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Cod could be back from the menu after a recent recovery because climate change is warming the oceans

The future of cod fishing seems uncertain, as the warming of the oceans kills young fish and increases the population in ever smaller areas, according to a new study.

It is expected that up to 60 percent less will be in the key fishing areas around Iceland and Norway if the greenhouse gas emissions continue at the current levels, a team of researchers at the Alfred Wegener Institute in Bremerhaven, Germany, suggested.

As these cold-loving fish are pushed further north, they will also be affected by the oceans that turn into acid because the excess CO2 from the atmosphere dissolves in the water, wrote in their published journals Scientific advances.

Following UN warnings that world leaders need to step up their climate commitments, scientists say recent research says only the strictest global warming targets will keep cod stocks stable.

Until recently, cod stocks in the North Sea have been threatened by the fact that after four decades the number has fallen by more than 80%.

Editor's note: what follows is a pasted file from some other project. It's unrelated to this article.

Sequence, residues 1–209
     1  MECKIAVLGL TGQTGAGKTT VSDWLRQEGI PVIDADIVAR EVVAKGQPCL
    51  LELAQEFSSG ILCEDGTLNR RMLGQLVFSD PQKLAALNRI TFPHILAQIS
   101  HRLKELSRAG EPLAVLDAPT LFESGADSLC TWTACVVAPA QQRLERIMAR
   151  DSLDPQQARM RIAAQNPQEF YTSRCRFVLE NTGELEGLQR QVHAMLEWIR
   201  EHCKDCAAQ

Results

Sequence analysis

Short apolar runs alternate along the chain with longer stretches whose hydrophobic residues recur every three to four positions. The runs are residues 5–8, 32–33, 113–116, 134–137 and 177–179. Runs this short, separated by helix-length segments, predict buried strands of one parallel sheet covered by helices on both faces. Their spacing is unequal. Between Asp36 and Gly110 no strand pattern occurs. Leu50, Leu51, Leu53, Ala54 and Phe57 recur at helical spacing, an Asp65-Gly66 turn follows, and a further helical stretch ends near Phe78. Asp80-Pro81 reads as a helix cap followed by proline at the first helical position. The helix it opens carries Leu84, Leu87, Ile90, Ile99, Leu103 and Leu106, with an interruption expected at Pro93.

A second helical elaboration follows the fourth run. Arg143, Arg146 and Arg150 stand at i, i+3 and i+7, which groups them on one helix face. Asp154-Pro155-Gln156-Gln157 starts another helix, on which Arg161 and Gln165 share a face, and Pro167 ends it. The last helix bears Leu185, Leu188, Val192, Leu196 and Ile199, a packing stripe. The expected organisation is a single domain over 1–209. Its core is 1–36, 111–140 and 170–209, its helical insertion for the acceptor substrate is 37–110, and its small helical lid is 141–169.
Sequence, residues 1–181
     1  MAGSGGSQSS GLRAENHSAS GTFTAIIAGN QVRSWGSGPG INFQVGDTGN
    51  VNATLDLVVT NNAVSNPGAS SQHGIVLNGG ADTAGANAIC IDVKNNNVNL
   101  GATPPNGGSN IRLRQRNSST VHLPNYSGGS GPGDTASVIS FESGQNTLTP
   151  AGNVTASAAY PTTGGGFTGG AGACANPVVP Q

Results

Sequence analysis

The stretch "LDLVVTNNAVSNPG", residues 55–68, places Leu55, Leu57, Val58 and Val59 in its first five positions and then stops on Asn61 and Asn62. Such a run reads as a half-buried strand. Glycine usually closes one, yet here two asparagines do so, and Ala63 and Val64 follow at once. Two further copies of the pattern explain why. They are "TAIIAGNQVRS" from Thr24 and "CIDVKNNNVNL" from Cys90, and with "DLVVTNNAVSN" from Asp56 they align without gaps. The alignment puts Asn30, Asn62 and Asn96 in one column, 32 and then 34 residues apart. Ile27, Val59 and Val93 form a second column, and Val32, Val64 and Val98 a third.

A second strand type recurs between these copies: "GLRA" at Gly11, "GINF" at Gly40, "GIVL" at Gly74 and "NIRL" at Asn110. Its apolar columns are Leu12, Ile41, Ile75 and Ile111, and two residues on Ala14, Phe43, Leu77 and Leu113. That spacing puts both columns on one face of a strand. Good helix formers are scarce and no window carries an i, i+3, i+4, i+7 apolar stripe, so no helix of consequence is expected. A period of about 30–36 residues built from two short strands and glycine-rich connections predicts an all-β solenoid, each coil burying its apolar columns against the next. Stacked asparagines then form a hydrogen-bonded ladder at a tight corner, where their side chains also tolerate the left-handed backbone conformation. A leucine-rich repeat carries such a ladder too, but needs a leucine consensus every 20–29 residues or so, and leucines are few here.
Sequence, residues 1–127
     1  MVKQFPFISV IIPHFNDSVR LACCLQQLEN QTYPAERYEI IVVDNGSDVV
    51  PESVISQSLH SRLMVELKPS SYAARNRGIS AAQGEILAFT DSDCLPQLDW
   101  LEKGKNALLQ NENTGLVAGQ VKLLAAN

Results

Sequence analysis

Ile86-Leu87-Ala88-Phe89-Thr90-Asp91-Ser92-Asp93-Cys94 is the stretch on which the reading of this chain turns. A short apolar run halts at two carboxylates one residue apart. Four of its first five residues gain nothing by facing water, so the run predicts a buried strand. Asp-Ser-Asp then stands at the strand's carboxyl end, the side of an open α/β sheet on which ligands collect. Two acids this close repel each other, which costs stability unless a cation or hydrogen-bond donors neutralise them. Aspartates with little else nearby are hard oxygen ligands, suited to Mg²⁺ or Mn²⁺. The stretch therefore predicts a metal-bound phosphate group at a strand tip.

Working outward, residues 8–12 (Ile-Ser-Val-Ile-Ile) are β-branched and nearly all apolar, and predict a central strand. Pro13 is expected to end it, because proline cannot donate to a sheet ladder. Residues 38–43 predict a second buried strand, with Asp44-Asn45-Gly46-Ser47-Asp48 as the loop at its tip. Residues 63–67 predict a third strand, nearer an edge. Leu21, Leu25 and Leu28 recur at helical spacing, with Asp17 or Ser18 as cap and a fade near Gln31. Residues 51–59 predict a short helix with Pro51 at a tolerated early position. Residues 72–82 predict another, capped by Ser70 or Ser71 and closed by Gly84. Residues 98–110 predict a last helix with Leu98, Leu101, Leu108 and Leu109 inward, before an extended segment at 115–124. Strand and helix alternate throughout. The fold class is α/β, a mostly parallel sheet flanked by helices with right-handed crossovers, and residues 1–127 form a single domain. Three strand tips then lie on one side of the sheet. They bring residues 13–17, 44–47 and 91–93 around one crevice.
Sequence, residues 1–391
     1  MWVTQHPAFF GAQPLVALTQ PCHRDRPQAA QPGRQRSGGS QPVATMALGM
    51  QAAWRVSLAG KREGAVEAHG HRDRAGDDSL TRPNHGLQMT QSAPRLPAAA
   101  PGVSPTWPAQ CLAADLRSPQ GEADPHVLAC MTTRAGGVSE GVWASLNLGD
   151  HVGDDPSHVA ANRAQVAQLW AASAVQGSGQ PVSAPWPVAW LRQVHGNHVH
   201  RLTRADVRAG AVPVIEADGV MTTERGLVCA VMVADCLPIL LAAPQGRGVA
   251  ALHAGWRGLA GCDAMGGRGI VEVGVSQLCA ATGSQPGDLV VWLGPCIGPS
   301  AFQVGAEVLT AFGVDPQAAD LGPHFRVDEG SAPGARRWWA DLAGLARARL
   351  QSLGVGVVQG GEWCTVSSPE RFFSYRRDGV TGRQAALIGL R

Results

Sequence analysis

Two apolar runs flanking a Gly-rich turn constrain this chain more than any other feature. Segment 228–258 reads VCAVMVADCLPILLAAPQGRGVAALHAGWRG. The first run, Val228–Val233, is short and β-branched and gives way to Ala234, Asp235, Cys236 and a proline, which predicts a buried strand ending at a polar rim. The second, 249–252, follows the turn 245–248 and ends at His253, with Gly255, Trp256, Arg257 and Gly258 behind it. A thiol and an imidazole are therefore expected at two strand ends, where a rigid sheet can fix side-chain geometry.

Efforts to tackle overfishing have since led to a gradual recovery.

Last year, the fish was designated as a sustainable Austrian Marine Board for the first time in 20 years.

However, climate change is now another major challenge for global fish stocks, and hundreds of species are expected to be forced north to find cooler waters.

Cod especially needs to spawn at temperatures approaching frost to make their eggs develop properly.

Combining their expertise in fish development and climate models the scientists of this latest study predicted survival rate for cod.

"They show that conditions for young Atlantic cod will particularly worsen in the North Atlantic near the end of this century for the Business as-usual scenario," said lead author Flemming Dahlke. "In the regions around Iceland and Norway, as much as 60 percent of the larvae of hake will be hatched from eggs."

Fish are particularly sensitive at these early stages and even small temperature changes can cause eggs to die or produce deformations in larvae.

Polar whiting is particularly sensitive to temperature changes. They live in the extreme north and therefore will not migrate anywhere like the warm oceans. Meanwhile, their family cousins ​​may not be able to reach north from the Arctic Circle until 2100.

Despite their grim predictions, scientists have found that if global warming were limited to 1.5 ° C above pre-industrial levels, an ambitious target set by the Paris Climate Agreement, most of the harmful effects on cod could be avoided.

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